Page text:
Sampling approaches are chosen based on the situation. The easiest approach is judgmental, which is typically used in the early characterization phases of a response to establish whether an agent or toxin is present. In a meeting room, for example, an investigator would likely first sample from heating, ventilation, and air-conditioning vents in the wall, and from computer screens, which are great attractants for airborne organisms. When there is a large quantity of organisms or toxin, this sampling method works well. One of the simpler scenarios to handle is a white-
powder incident, where the agent is visible; standard methods exist for collecting white powder for analysis and forensic use. If, however, there is only trace evidence in a room, a random, probability-based method—sampling X number of places in the room in a random fashion, to provide a 95 percent chance or greater of picking up material—is appropriate. In general, the larger the room, the greater the number of samples required.
After decontamination, a combined judgmental and random sampling would be appropriate to ensure that the area is free of contamination. The U.S. Environmental Protection Agency (EPA) uses composite sampling. They collect samples, put them in the same tube, and analyze the contents. They simply want to know if there is contamination present, regardless of its location. This approach could apply to forensic sampling to reduce labor and cost. But it will reduce the ability to reconstruct the event with that/those sample(s).
In the event of a wide-area release, for example, if someone releases B. anthracis over a city, there is a limited time to remediate the area. According to statements made at several exercises, substantial delays in remediating the affected area would reduce the likelihood that people would return. Leaders will want to be able to tell the public when or whether it is safe for them to return, and that decision will also be based on sampling. However, the public could lose confidence in their leadership if any residual infections occur after they move back in.
Morse was asked to comment, in terms of validating collection methods, how much confidence he has that there are no spores when he gets a zero response from sampling a room, and how he establishes probability or statistical confidence limits. Morse responded that a negative result only means that there were no viable spores detected, but one does not know if there are spores below the limit of detection; current sampling methods will detect less than 1 spore per cm2 on a surface. The CDC feels comfortable saying that a negative response would be equal to less than 1 spore per cm2. Although the analytical method may be able to detect a target at very low levels, sampling may or may not be efficient. Therefore, lack of detection may be related to collection method, sampling efficiency, and limit of detection of the analytical assay.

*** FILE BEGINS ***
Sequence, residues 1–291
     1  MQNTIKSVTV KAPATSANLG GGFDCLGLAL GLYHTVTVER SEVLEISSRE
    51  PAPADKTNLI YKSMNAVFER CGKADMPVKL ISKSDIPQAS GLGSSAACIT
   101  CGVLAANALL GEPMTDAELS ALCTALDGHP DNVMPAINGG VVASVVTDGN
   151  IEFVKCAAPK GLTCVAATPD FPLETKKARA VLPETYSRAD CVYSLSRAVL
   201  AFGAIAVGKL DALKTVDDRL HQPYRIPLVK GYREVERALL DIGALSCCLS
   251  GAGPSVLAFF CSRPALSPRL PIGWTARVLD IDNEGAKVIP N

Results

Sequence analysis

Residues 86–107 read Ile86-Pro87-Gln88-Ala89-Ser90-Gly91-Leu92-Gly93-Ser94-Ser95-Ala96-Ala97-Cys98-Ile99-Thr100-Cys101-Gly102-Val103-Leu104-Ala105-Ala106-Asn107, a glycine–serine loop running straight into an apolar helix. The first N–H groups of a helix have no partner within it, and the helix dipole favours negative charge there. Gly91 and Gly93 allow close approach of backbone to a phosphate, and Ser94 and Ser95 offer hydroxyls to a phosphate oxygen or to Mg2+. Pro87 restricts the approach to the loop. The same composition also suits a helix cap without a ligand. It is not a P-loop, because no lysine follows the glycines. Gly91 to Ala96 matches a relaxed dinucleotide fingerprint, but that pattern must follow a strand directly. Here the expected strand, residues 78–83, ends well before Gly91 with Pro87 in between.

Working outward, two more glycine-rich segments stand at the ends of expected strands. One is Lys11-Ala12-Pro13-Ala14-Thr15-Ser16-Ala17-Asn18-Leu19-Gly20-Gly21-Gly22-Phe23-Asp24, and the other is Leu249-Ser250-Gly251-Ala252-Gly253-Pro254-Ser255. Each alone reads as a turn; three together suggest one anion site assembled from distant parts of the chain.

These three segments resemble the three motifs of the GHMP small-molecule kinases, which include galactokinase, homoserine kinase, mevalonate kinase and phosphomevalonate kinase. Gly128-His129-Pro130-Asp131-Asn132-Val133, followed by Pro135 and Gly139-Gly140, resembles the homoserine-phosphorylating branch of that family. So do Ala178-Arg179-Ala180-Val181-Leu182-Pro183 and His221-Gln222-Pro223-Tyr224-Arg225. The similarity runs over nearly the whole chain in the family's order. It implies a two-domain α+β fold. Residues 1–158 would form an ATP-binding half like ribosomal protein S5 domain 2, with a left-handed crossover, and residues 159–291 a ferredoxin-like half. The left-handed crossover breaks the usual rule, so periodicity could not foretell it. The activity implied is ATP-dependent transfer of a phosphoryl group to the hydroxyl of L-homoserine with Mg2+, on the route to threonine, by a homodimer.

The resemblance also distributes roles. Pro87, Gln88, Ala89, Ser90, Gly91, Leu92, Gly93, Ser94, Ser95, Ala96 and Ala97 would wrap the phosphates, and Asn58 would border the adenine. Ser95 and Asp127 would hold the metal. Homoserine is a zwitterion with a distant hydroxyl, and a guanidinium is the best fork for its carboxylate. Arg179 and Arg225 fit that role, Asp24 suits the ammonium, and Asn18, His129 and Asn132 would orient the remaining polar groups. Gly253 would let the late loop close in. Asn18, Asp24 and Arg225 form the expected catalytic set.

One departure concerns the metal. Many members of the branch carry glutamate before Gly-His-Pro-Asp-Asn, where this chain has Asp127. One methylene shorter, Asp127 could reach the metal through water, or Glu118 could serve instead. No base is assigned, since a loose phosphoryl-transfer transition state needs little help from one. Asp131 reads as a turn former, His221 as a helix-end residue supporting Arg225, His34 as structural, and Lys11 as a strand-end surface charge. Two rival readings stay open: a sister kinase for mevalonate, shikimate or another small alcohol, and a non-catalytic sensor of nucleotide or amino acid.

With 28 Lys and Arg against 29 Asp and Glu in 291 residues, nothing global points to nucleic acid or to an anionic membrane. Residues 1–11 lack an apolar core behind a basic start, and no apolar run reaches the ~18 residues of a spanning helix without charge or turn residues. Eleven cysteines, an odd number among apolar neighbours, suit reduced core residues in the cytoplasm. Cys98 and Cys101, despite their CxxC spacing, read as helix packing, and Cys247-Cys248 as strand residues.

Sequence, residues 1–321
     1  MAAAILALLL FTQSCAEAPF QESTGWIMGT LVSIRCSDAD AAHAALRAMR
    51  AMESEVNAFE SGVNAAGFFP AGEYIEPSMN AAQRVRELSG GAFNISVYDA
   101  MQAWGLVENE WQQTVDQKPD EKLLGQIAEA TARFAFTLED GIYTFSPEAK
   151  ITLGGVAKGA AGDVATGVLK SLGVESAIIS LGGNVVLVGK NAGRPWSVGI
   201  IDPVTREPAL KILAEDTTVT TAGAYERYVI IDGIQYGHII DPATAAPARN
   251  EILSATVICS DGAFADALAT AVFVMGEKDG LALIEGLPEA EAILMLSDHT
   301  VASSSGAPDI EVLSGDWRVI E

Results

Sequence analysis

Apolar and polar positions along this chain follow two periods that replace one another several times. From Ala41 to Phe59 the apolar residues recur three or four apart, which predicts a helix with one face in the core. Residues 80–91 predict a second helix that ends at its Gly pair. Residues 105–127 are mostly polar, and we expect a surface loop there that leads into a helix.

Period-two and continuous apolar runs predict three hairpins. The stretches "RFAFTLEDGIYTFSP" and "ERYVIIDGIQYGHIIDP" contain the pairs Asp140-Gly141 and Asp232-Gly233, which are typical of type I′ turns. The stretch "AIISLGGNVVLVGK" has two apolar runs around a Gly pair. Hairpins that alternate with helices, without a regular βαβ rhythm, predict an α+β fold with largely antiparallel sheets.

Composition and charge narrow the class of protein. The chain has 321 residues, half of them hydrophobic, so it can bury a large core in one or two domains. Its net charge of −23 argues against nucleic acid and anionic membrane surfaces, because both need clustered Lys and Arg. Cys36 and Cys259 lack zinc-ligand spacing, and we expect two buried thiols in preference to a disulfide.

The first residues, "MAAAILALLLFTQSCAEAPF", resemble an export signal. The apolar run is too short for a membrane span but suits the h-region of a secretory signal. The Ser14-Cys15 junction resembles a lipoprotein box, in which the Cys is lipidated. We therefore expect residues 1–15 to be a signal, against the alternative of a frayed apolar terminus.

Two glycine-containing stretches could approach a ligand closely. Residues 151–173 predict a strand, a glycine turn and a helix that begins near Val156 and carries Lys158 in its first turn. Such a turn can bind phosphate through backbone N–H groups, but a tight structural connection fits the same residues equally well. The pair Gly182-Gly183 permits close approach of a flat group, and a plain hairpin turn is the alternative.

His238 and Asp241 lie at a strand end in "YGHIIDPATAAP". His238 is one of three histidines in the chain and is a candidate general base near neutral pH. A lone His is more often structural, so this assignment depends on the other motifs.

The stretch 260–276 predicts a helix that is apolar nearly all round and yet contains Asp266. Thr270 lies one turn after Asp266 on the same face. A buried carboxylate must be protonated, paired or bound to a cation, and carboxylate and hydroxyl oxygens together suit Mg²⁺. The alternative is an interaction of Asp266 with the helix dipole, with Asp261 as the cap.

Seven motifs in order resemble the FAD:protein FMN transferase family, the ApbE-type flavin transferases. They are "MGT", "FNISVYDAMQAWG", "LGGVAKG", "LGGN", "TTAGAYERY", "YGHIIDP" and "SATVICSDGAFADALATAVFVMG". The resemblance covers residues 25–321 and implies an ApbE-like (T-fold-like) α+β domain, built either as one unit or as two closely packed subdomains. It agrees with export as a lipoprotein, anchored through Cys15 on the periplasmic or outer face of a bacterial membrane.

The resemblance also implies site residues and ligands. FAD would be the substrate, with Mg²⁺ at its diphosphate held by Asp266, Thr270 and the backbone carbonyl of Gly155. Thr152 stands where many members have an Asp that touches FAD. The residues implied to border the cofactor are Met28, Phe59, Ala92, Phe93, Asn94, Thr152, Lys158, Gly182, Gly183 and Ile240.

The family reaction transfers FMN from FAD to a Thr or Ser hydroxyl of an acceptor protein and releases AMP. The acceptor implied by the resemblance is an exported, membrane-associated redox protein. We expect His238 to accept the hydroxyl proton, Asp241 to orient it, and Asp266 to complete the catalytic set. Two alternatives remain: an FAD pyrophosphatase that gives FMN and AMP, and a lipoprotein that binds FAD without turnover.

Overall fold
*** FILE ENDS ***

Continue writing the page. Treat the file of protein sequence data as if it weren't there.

In the United States, the CDC has a network of analytical laboratories, the Laboratory Response Network, comprising 160 laboratories throughout the country. Similarly, the Food Emergency Response Network has protocols for analyzing food for the presence of threat agents, the Animal Health Network has them for agricultural animals, the EPA has an Emergency Response Laboratory Network, and there is a plant network. All use basically the same methods. The labs can process environmental samples using the exact same method; the results in one lab are equivalent to those in another lab. This is important because in the case of a wide-
area threat release, the nearest lab may be contaminated and unavailable. Samples collected using chain of custody are shipped to the closest lab for analysis. Morse pointed out that one problem with giving confidence limits is how to equate that to risk. Because the lowest dose that will infect a human is unknown for many, if not most, pathogens, it is hard to say there is no risk, which is never zero. Also, detecting something on a surface does not necessarily equate to an inhalational risk; it has to be able to detach from the surface and get into the air, to be breathed in. So it is difficult to say, “I am really confident that this room is safe to be in.”
Budowle noted that calculating false-negative rates and the like is a problem because the approach is borrowed from human clinical genetics, in which a true negative can be defined. Minimum criteria should be established for the output of the selected analytical method, such as depth and uniformity of coverage. Defining output thresholds for metagenomic samples may be difficult given the immense quantity of data and microbial diversity; therefore, single-source samples and defined mixtures might be used as a guide. These limitations may be necessary in defining false negatives and false positives. Clearly, there will be ambiguous calls due to sequencing noise and novel genome composition. The specific parameters and settings used to establish thresholds, false-positive, and false-negative rates should be detailed thoroughly to enable sound interpretation and accurate comparison to alternative methods and protocols.
Keim said that the situation he encountered was detecting something above zero, but only in 1 in 1,000 samples. The question was whether that finding was informative or significant given that the sampling had never been validated to that level and the processing labs had never validated the sampling. They concluded it was contamination by the processing system. So one can have a positive result and still not be confident. A single colony of B. anthracis on a plate is still just one, and may or may not be meaningful.
Perspective from a U.K. Government Laboratory